Clark Faces Late-Night Laugh Test

Democratic presidential hopeful Wesley Clark acknowledges supporters standing outside the Statehouse in Concord, N.H., Friday, Nov. 14, 2003. Clark filed his papers to have his name on New Hampshire's presidential primary ballot. AP

CBS News Reporter Bonney Kapp is traveling with the Clark campaign.

Two months ago Wednesday, retired Gen. Wesley Clark announced he was joining the crowded race for the Democratic presidential nomination. After eight weeks of nonstop campaigning, Clark is preparing for what some consider a rite of passage for those seeking public office: late-night television. Clark is set to appear on "The Late Show with David Letterman" on Thursday.

"We've been talking to comedy writers and we regard this as an important experience," said Clark's communications director, Matt Bennett, adding that a variety show is a viable campaign stop. "Letterman is very influential," Bennett said.

It appears that Clark was testing the comedic waters Wednesday on the trail in New Hampshire. At a "Politics and Eggs" breakfast in Bedford, Clark's pun ("I hope I make good eggs") fell flat, but he scored a home run when he shared a witty observation about how seriously residents of New Hampshire take their politics. "People in this state would rather watch 'Meet the Press' than the New England Patriots on a Sunday afternoon," Clark joked.

In his "Conversations with Clark" events, the general often uses his quick wit to banter with the audience. When asked to describe a potential running mate to a group at the VFW post in Concord, he answered, "Could be a man or a woman. It's not important in that respect, but they have to be a leader. They've got to be experienced, they've got to be compassionate, they've got to have a big picture view of the world. They have to work with me and my administration."

When he was interrupted by a woman in the front row who volunteered herself for the position, Clark retorted, "You're good, but for me it's a little early too make that kind of determination, Brenda, as much as I think of you."
At Plymouth State University, a student asked Clark how the campaign plans to gain young voters' support. The retired military man showed off his pop culture knowledge. "I've been real worried about Outkast," he said of a popular hip-hop group. "It's not true, by the way. It's not true that they're breaking up. It's just Andre 3000 and Big Boy cut solo records, OK?" Clark grinned as he quoted the group's lyrics, "And I know how to shake it like a Polaroid picture."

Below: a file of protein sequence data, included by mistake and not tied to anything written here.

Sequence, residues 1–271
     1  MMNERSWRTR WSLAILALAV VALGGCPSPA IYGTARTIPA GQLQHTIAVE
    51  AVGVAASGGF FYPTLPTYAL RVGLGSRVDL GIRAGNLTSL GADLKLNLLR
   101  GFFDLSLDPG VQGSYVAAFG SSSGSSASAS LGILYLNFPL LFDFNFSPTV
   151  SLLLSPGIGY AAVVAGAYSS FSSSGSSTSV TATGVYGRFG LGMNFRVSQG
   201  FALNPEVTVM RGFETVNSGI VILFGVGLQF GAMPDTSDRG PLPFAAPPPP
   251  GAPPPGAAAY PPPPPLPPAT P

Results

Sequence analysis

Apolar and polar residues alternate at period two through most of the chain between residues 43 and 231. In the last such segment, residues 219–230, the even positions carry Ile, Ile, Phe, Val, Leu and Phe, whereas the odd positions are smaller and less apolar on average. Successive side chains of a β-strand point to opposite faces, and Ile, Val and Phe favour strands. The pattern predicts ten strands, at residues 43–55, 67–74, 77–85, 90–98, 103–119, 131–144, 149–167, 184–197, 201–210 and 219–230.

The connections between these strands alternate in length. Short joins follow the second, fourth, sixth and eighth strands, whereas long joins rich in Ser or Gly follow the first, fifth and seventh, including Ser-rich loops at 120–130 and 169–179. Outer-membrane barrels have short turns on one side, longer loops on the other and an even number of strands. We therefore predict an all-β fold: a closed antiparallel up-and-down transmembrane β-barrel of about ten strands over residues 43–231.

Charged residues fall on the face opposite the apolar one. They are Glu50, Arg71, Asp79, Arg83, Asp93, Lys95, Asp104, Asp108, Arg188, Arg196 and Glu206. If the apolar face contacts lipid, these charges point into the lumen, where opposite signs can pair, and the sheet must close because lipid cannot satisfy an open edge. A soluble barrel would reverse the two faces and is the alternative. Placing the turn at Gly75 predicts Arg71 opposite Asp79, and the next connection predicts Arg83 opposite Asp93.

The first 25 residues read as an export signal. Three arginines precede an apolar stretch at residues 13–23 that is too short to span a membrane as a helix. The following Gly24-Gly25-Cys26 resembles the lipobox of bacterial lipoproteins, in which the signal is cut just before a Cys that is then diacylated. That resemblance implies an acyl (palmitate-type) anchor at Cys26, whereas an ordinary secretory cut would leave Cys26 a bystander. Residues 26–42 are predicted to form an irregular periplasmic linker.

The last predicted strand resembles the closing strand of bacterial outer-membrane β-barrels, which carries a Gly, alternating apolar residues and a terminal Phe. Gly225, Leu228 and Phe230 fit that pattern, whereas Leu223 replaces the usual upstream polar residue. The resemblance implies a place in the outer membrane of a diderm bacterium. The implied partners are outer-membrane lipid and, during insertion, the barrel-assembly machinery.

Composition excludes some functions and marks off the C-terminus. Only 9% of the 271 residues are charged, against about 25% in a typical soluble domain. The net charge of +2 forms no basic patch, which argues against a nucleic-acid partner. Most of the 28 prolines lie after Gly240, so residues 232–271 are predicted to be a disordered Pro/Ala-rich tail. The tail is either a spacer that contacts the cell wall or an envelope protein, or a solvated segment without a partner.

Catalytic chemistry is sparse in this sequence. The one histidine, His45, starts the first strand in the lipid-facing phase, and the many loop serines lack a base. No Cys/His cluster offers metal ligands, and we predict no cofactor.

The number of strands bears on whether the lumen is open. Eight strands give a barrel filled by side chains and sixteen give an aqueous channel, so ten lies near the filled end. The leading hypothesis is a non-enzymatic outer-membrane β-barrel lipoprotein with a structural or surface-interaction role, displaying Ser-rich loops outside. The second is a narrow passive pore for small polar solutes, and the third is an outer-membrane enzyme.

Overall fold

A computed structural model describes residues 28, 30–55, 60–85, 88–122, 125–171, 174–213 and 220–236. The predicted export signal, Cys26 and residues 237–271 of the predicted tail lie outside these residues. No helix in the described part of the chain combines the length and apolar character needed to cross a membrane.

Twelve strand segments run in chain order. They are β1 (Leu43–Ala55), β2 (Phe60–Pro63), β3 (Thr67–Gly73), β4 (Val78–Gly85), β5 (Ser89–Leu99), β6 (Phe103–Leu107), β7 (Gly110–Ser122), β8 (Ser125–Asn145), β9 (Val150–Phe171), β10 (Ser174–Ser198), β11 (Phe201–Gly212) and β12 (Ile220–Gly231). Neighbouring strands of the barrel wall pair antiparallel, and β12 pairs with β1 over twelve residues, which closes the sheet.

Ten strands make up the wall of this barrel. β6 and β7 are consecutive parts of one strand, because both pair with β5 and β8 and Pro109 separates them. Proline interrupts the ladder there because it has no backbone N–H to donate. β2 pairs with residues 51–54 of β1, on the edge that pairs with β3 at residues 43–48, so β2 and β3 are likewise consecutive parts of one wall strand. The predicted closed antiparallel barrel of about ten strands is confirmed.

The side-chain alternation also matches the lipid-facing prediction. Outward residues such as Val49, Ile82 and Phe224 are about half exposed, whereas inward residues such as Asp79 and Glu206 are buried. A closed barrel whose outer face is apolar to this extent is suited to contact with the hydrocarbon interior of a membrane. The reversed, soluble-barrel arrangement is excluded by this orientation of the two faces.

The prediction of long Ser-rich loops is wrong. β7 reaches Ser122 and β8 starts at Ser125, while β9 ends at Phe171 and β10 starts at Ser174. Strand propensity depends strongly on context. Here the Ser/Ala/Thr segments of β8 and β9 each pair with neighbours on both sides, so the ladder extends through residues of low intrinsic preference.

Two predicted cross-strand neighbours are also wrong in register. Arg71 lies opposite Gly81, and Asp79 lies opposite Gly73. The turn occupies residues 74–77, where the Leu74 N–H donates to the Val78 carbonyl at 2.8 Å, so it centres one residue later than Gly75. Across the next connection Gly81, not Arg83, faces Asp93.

Perhaps realizing humor often doesn't translate well between generations, the 58-year-old candidate amended his response to the sophomore's question. "But it's my belief that young people don't want me to act like I'm 25 years old. I'm just who I am."

While humor can win support, lighthearted responses can sometimes get politicians into trouble. At last night's Plymouth State event, for example, Clark was asked by a woman in the audience how he coped with stress. Clark began to describe an encounter near the end of the Kosovo war, when he ordered a British general to seize an airfield in Pristina after it was believed the Russians were taking it over. The British officer refused, reportedly saying, "I'm not going to start the Third World War for you."

How did the general cope with that stressful moment?

"It's the day I learned that stress comes in colors. There's blue stress, there's green stress … and when it's really, really bad, there's red stress. After about three hours of this, I realized I really needed to go to the restroom. And then I felt a whole lot better. Sometimes you just have to get up and walk around from your desk. And I guess even if it will be a desk in the Oval Office, sometimes you just have to get up and clear your head. And after that I settled down. I was able to think more clearly, and it worked. No punching walls, no taking off my shoe and hitting it on the table, no screaming and hollering. It's just a matter of really trying to organize your thoughts and work through the issues at hand."

The woman who asked the question didn't appreciate the "toilet humor," saying, "I didn't like his answer. I thought he was caught off guard."

But this was not the faux pas of the day. When Clark was running late to the Plymouth State event, actor David Keith, a Clark supporter, was asked to warm up the crowd. While the general's favorite theme is uniting the American people, pulling together Republicans, Democrats and Independents alike, Keith incorporated an anti-Republican joke in his repertoire. But, as it turned out, there were more than a handful of Republicans in the audience, which became clear when Keith asked the audience to raise their hands by party affiliation.

"You know how they just smile with their teeth like they're fixing to bite you? They don't smile with their eyes because they're worried maybe they haven't been unscrupulous enough, someone's going to get one up on them," Keith said. Sharon Borggaard, an Independent who regularly votes Republican, spoke out in response, "Would you like us to stay?"

Keith didn't hear her and Borggaard stayed through the event. But later she said of the incident, "It didn't do anything to pull me in. In fact, I was ready to leave, but I was more curious to hear what the general had to say."

Fortunately for Clark, Borggaard enjoyed what she heard after the joke. "He was great, he was well spoken, and he was fair," she said. "I'm undecided, but if the election were held today, I'd vote for him."

But don't look for Clark to blow Letterman's late-night audience away on Thursday. "We probably won't do anything too dramatic," said Bennett.

By Bonney Kapp
By Bonney Kapp
  • Joel Roberts

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